By Justin P. Johnson, Andrew Rhodes & Matthijs Wildenbeest

In this article we examine anti-competitive effects associated with algorithms and what can be done about them. We focus on how regulators can promote competition by better understanding the organizational process behind the design of algorithms, and also on how platforms can design their own algorithms to fight anti-competitive behavior by others.

By Justin P. Johnson, Andrew Rhodes & Matthijs Wildenbeest1

 

I. INTRODUCTION

In this article we examine potential anti-competitive effects associated with algorithms and what can be done about them.2 We take the perspective not only of antitrust authorities but also of firms that wish to avoid being either the victim or unwitting accomplice of other firms’ anti-competitive schemes.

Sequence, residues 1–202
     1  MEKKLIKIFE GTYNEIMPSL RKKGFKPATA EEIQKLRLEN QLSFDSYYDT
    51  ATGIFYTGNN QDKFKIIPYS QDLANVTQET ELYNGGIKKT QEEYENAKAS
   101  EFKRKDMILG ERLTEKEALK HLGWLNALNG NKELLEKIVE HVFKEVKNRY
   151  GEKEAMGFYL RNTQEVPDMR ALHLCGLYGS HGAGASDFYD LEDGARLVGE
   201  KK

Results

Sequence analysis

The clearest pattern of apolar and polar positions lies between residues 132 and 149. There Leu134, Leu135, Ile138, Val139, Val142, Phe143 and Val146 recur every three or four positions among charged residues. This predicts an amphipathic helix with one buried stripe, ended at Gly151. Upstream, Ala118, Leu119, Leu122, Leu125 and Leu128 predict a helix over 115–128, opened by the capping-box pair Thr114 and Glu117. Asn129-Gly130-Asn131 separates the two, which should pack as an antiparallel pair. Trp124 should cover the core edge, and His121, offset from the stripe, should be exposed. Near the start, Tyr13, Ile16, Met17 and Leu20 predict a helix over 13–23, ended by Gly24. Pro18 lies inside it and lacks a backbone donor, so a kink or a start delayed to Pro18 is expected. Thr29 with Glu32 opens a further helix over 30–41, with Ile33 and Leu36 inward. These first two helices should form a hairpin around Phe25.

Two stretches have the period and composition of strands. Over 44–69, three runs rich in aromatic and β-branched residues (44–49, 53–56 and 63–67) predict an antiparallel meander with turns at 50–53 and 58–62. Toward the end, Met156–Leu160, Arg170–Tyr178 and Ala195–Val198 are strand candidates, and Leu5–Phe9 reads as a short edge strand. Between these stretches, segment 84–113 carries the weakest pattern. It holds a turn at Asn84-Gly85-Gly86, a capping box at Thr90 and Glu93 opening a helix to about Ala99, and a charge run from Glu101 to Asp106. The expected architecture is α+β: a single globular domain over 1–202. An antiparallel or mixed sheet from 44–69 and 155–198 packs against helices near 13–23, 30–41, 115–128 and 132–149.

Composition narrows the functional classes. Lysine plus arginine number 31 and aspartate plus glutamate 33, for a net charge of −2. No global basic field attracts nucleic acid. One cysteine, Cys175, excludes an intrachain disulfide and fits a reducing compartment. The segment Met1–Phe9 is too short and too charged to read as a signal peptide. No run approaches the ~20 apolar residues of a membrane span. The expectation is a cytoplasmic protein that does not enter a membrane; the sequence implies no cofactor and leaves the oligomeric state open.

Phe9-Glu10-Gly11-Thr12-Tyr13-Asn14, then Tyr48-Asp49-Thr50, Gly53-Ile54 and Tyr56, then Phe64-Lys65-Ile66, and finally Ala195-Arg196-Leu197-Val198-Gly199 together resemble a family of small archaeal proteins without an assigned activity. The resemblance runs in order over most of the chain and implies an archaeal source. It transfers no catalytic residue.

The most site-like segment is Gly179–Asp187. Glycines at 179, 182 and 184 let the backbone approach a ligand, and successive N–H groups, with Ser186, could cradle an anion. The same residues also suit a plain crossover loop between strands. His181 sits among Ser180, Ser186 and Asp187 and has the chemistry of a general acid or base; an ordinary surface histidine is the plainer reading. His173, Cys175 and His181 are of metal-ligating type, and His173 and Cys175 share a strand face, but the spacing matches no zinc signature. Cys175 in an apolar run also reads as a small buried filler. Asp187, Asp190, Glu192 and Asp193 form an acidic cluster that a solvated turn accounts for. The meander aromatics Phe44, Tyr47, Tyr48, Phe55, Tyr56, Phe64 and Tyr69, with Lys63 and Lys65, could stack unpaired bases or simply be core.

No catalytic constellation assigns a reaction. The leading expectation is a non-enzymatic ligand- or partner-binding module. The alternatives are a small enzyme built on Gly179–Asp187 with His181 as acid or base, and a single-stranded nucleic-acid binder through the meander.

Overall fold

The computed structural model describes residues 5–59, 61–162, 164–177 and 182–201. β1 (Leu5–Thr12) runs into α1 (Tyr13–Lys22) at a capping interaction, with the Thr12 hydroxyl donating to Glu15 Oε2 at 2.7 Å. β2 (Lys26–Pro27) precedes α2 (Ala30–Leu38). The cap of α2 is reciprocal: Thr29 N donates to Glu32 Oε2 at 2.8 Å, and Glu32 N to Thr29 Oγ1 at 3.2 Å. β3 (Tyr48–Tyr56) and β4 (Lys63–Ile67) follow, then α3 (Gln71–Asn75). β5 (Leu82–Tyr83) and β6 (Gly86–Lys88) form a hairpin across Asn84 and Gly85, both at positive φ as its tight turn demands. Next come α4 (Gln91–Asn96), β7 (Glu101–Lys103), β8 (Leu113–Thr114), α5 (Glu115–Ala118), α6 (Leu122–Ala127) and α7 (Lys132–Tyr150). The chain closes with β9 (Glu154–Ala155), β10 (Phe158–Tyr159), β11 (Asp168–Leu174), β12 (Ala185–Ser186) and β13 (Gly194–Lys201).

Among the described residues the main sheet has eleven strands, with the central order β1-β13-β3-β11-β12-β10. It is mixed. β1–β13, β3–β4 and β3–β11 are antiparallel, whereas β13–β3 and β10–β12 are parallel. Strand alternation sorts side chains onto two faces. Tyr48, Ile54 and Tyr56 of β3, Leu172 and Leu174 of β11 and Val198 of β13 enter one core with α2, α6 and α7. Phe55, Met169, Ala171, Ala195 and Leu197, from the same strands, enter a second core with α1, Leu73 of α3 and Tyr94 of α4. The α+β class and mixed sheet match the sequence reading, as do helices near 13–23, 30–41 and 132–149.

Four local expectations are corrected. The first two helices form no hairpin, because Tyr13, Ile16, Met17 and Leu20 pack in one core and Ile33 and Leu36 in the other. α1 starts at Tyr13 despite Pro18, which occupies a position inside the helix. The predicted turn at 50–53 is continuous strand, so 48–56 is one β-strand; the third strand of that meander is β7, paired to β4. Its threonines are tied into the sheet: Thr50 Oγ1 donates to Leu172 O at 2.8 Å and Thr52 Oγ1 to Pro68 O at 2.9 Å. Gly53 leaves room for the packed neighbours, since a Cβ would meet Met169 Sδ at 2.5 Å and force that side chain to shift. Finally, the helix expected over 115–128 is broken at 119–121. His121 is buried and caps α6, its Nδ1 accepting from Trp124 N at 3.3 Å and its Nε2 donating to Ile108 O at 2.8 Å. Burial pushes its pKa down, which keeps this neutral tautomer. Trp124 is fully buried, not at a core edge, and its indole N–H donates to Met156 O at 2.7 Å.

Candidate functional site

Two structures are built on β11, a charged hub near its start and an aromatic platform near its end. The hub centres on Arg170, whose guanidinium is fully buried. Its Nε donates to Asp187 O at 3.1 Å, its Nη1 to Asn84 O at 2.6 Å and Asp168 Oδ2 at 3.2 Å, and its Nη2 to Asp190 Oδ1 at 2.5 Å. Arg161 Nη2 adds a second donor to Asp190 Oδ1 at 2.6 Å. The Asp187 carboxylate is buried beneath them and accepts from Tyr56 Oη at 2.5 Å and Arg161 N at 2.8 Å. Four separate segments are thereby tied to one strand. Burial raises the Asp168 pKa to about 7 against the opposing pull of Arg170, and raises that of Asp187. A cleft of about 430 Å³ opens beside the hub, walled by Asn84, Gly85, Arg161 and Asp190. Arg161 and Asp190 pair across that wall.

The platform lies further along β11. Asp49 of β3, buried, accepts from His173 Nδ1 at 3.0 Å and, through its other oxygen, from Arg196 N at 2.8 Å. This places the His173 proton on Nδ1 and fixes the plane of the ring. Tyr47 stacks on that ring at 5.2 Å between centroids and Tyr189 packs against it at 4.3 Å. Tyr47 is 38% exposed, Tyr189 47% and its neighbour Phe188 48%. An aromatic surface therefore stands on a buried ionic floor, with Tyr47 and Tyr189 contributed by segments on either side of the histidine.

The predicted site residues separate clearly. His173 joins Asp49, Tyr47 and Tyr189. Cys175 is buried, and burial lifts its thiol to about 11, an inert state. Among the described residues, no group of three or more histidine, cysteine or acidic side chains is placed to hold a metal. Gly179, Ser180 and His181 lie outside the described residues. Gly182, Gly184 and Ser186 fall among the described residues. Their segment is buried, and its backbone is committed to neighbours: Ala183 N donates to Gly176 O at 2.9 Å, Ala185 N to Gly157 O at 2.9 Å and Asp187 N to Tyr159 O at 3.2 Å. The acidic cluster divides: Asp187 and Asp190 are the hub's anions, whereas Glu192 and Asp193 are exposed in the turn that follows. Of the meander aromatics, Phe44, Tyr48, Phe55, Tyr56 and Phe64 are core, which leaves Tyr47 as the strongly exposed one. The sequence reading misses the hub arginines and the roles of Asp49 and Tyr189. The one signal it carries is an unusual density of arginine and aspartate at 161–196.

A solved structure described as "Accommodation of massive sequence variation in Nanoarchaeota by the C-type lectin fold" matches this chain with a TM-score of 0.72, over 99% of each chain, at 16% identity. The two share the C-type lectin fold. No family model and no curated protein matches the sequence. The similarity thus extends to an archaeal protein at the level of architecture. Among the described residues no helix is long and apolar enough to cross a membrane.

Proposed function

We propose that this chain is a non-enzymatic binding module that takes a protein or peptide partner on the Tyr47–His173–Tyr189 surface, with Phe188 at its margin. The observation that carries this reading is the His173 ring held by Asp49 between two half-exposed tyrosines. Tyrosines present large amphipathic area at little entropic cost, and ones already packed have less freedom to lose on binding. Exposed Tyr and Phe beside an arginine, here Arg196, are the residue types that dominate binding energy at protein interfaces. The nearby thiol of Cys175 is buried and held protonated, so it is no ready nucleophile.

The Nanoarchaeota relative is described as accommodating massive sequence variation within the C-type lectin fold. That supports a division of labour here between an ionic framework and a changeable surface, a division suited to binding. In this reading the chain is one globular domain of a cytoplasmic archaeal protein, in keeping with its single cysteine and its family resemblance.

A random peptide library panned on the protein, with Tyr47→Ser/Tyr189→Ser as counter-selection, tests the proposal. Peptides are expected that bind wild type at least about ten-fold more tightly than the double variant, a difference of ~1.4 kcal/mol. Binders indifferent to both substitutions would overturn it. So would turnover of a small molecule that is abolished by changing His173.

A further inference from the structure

Our analysis is structured as follows. In Section 2 we describe how algorithms can be deployed to more effectively implement classic anti-competitive schemes. We explain in detail why antitrust authorities not only need access to suspect algorithms but more importantly need to understand details of the organizational design process behind the algorithm. We also propose that online retail platforms can use their own algorithms to fight anti-competitive schemes perpetrated on their platforms. In Section 3 we describe ways in which “benign” algorithms (those designed with no anti-competitive intent) can be exploited by bad actors to achieve anti-competitive ends. Section

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